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Sunday, March 23, 2014

M42 - The Great Orion Nebula Imaged with T31

M42, The Great Orion Nebula, is still one of my favorite deep-sky objects to image and visually observe. I recall seeing the nebula for the first time through my Sears and Roebuck 3" refracting telescope in the winter of 1979. I have to admit, it was a little disappointing how it looked as it didn't nearly compare to the pictures that were published in "Sky and Telescope" and "Astronomy" magazines at the time. However, it was still a bit exciting seeing the "fuzziness" of the object along with four major stars that make up the "Trapezium" in this brilliant stellar nursery. Due to the advanced technologies of remote robotic telescopes for education, capturing a detailed colored image of this fine object has become more possible. 

M42 - Imaged by Michael Petrasko and Muir Evenden
M42 - Imaged by Michael Petrasko and Muir Evenden

On the morning of March 16, 2014, I logged in remotely around 6:00 am EDT to T31 (hosted by iTelescope.net in New South Wales, Australia - 9:00 pm, Australia time) from my home office on Cape Cod, Massachusetts. The moon was nearly full, however, the skies were very clear according to the image of their "All-Sky Camera". Telescope 31 was available, that is Planewave 20" (0.51m) CDK imaging telescope equipped with an FLI-PL09000 CCD camera. After consulting the Stellarium software on my iMac for a good object to image that is at least close to 60 degrees away from the moon, I saw that the constellation Orion was pretty much still high enough in the sky to allow me to image M42. I simply took four images in five minutes. Each image was taken with a Luminance, Red, Green, and Blue filter on the CCD camera. My colleague and friend Muir Evenden then downloaded the raw data from the iTelescope FTP site and proceeded to stack and process the four images using the CCD processing software named PixInsight. After Muir was done with his "pre-processing", I then performed a bit more processing in Photoshop CS6. We were amazed by the results of taking four 300-second exposures and just executing some quick processing with these powerful software packages.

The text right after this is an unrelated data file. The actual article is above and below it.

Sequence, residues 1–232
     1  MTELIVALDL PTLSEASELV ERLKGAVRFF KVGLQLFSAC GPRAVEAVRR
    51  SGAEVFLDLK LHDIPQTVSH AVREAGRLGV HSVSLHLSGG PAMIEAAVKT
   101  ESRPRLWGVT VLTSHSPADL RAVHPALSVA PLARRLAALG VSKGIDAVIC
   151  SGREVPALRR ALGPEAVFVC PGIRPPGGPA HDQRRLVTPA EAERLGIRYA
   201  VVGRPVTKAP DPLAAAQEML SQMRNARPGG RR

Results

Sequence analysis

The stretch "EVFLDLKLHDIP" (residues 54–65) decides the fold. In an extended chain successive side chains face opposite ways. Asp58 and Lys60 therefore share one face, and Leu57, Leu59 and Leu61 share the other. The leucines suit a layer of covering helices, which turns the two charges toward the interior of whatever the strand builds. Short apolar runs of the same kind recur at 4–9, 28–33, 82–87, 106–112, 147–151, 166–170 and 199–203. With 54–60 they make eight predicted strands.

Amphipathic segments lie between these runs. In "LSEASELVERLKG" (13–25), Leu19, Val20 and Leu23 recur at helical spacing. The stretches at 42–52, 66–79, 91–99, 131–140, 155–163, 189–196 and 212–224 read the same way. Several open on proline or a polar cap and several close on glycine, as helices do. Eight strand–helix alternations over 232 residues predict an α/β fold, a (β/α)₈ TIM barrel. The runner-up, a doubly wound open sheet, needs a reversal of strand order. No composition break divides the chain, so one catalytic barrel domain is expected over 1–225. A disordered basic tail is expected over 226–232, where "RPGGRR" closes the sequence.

Some Interesting Facts about M42:

The Orion Nebula (also known as Messier 42, M42, or NGC 1976) is a diffuse nebula situated south of Orion's Belt in the constellation of Orion. It is one of the brightest nebulae and is visible to the naked eye in the night sky. M42 is located at a distance of 1,344 ± 20 light-years and is the closest region of massive star formation to Earth. The M42 nebula is estimated to be 24 light-years across. It has a mass of about 2000 times the mass of the Sun. Older texts frequently refer to the Orion Nebula as the Great Nebula in Orion or the Great Orion Nebula.

The Orion Nebula is one of the most scrutinized and photographed objects in the night sky and is among the most intensely studied celestial features. The nebula has revealed much about the process of how stars and planetary systems are formed from collapsing clouds of gas and dust. Astronomers have directly observed protoplanetary disks, brown dwarfs, intense and turbulent motions of the gas, and the photo-ionizing effects of massive nearby stars in the nebula. There are also supersonic "bullets" of gas piercing the hydrogen clouds of the Orion Nebula. Each bullet is ten times the diameter of Pluto's orbit and tipped with iron atoms glowing bright blue. They have probably formed one thousand years ago from an unknown violent event.

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